Warning: The following contains spoilers for Monday’s Elementary finale.
Elementary wrapped up Season 6 on Monday night by moving Sherlock and Joan across the pond. So how did the duo find themselves in London? After discovering that Hannah killed Michael, and that Captain Gregson was protecting his daughter, Sherlock confessed to the murder to cover for prime suspect Joan. Rather than going to jail, the PI made a deal which allowed him to keep living and working in London… and his partner followed him to Baker Street!
“When we come back in the seventh season, a year will have passed,” showrunner Rob Doherty reveals to TVLine. “So all of our characters will have had time to really reflect on what happened at the end of the sixth season.”
Below, Doherty talks about the location twist, which was borne out of believing that the show was coming to an end — don’t worry, it’s not — and Sherlock and Joan’s feelings for each other.
TVLINE | Talk to me about the decision to kill off Michael. Did you hesitate at all to lose him as a villain?
No, there was no hesitation. At the same time, I can’t say that was the plan from go. The season finale was, in fact, shot in the 13th slot of a 21-episode season. Initially, we had an order for 13 episodes. We got to a point, schedule-wise, where we couldn’t wait for an order for more, and just had to assume [Episode] 13 was the end of the season, and potentially the end of the series. We had to factor those things into our arc with Michael. So as we’re approaching what we think is truly the end, we didn’t want to focus on Michael. We wanted to focus on Sherlock and Joan, and we didn’t want their lives at stake. We wanted their livelihood and their partnership at stake. Taking Michael off the board when we did cleared a path to tell a story that, if it really was the end of the show, would feel like a proper wrap-up for everybody.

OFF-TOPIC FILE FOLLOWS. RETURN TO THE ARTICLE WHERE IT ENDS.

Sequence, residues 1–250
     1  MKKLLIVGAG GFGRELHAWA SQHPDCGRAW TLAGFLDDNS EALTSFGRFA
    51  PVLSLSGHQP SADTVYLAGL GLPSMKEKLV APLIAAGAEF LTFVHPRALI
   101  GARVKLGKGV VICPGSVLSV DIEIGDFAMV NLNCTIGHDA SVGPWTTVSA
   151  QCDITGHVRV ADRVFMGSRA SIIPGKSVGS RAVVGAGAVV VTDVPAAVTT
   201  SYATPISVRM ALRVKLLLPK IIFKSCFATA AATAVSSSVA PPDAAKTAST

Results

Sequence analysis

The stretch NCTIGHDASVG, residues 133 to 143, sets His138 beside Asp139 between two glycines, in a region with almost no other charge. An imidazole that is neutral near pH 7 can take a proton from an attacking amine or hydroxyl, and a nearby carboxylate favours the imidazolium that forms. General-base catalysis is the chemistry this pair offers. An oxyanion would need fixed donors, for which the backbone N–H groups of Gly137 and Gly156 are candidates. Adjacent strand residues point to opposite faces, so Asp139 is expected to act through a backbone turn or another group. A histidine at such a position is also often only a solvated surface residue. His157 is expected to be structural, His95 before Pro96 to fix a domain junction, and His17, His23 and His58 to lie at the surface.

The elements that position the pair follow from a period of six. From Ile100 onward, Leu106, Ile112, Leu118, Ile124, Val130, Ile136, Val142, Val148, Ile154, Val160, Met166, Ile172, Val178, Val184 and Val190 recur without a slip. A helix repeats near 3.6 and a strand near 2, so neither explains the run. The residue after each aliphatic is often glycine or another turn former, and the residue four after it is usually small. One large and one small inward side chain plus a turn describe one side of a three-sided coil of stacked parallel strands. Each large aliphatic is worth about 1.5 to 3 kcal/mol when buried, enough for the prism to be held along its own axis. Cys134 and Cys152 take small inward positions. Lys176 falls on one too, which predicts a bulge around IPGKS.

I also confess to being attracted to the idea that we’ve primed everyone for a real duel with this very peculiar villain at the end of the season. I liked clearing a runway for that, and then killing him. [Laughs] I liked the surprise of it — that, in fact, Michael is not going to be the final problem. It’s the fallout of that, it’s the fact that Michael died, and it’s bringing all sorts of unwanted attention to Sherlock and Joan, and putting everything they do in jeopardy.
TVLINE | Had you known that you were going to get more episodes, would you have used Michael more in between?
Yes, absolutely. Had we known from go that it was a 21-episode season, we absolutely would have spent more time with Michael. Desmond [Harrington], who played Michael, was phenomenal, just an incredible person, and a great presence to have on the set, and he made Michael everything we wanted the character to be. We were having a good time together, and it would’ve been great to find a few more slots to keep Michael alive, so to speak. But we had to tell that story a certain way. And then it became this very unique challenge once we finally did get an additional order to tell stories that could be placed in front of the finale that we had already written and produced.
TVLINE | As you were approaching this finale, did you always have Hannah in mind as the killer, or did you go through variations of who it could be?
I’d say everything in the finale was sort of born whole. It was kind of of a piece. By the time we made the decision to kill Michael in [Episode] 12, we knew that we wanted Joan to become the suspect. And once Joan is supposed to be the suspect, we looked around for who else has a motive, and Hannah certainly did, because of what Michael had done to her roommate in a previous episode. Forensically, Hannah made sense. There could be some good forensic confusion that would seem to implicate Joan. So once we knew we were killing Michael, and we wanted Joan to take the fall, Hannah was really the only and best option for us.